In Part I of this blog post, we explained the importance of having the right people to execute your strategy. Below we detail the first three key factors – or ingredients – to take into account when building high-performance project teams.
Establishing trust among your network lays the foundation for great performance. This especially holds true in today’s increasingly distributed and geographically dispersed work environments. Your trust in your team, theirs in you and the trust between team members are the core ingredients holding everything together. Leaders who have rules and policies for everything create an environment of bureaucracy and stifle team performance. Develop trust by setting guidelines for team behavior and decision making, in which team members have certain freedoms to make decisions, take risks, and speak their minds. They will also have certain obligations to always speak the truth, work with other teams, be accountable for decisions and actions, and learn from their mistakes. An environment built on trust promotes a culture where team members will give their best, produce more and with improved quality.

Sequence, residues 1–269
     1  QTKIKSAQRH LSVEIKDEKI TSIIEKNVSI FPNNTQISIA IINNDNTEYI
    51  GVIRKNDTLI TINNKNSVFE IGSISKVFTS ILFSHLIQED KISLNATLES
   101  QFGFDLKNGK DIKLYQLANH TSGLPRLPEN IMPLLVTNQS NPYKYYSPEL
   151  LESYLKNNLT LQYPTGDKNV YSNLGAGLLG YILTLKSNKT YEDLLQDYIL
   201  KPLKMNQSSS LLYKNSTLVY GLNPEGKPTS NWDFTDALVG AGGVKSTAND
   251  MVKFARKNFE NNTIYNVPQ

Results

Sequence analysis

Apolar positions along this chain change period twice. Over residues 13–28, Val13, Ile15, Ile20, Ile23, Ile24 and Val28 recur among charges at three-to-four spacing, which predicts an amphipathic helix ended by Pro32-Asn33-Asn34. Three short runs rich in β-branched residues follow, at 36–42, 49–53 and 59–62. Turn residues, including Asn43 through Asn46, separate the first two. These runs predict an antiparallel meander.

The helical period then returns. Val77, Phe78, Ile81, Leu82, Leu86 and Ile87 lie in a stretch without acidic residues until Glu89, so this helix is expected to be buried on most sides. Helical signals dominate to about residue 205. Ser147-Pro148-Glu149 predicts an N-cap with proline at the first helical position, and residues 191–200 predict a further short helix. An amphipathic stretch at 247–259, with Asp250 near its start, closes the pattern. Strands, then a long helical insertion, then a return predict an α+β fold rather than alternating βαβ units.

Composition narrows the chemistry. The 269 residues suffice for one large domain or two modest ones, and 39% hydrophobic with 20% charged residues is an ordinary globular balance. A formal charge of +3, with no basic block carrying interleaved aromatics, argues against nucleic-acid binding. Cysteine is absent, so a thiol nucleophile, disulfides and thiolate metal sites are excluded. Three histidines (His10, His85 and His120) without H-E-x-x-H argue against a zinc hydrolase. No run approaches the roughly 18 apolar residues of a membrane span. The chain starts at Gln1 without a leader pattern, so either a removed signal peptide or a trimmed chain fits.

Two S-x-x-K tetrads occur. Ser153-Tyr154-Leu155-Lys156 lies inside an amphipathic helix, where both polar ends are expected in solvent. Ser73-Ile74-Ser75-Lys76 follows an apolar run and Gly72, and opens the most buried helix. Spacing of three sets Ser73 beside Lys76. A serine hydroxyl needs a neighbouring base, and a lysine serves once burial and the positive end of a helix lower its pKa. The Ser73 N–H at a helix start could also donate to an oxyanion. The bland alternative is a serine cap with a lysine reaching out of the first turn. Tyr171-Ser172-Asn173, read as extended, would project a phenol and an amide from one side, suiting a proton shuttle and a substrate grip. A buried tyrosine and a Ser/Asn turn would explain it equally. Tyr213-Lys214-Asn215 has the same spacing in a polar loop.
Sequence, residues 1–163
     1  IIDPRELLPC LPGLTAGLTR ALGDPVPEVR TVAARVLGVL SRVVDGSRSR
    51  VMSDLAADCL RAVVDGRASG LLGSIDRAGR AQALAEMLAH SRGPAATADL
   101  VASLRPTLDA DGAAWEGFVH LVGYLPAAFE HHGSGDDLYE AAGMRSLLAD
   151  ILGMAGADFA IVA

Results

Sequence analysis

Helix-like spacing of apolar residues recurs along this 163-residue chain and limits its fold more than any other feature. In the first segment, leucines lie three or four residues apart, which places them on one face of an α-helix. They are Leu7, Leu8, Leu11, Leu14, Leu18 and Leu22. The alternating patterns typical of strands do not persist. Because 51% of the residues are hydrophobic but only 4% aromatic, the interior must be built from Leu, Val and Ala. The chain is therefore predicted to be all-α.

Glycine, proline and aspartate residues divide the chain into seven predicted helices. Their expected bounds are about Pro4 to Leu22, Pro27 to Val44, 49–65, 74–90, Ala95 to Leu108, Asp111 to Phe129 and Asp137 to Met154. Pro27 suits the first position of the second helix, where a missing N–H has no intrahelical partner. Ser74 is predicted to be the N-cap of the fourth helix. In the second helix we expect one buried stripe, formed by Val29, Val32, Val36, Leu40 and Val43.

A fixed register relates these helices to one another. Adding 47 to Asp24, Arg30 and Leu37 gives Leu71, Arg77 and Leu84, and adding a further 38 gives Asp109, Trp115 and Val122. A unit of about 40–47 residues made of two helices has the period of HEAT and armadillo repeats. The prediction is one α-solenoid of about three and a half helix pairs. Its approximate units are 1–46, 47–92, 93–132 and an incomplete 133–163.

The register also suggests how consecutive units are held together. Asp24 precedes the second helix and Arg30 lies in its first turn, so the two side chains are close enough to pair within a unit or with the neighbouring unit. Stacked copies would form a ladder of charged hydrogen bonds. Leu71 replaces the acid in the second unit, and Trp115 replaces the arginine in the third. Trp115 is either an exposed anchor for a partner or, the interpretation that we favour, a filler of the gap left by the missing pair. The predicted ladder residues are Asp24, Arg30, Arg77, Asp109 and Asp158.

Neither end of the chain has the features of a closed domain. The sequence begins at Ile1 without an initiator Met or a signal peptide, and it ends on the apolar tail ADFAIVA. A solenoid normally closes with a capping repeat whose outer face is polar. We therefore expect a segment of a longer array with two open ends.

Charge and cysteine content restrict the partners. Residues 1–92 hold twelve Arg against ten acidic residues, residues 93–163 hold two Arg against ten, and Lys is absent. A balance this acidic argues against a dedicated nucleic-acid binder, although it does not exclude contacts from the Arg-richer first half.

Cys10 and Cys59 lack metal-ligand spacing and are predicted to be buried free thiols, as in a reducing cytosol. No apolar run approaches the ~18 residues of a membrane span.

High-performance teams need a winning, inspirational vision that will motivate them to go above and beyond when the effort is required. Leaders need to work directly with the team to develop and support a vision that brings real meaning to the work that is being performed. Teams should have input and be open to providing feedback to the vision if it does not align with the assigned work. The vision defines the future state and is clear, defined, and concrete. Great vision statements might read “Triple the productivity of every manufacturing plant” or “Increase customer satisfaction to 100%.”
High-performance team members have dreams for achievement, which are fueled by the leader’s optimism. Team members will flourish when they have hope and give up when they don’t. A great leader must be both realistic and optimistic at the same time—not an easy feat. An optimistic environment dictates that no matter the facts of the situation, the team will continue to work toward their goals. Effective team members thrive on accomplishment and the recognition they receive when working through difficult problems and persevering. This perseverance requires optimism from the top.
Part III of this blog post will explore three more essential ingredients for high-performance project teams.
This content was originally published by PM Perspectives, TwentyEighty Strategy Execution’s UK blog.
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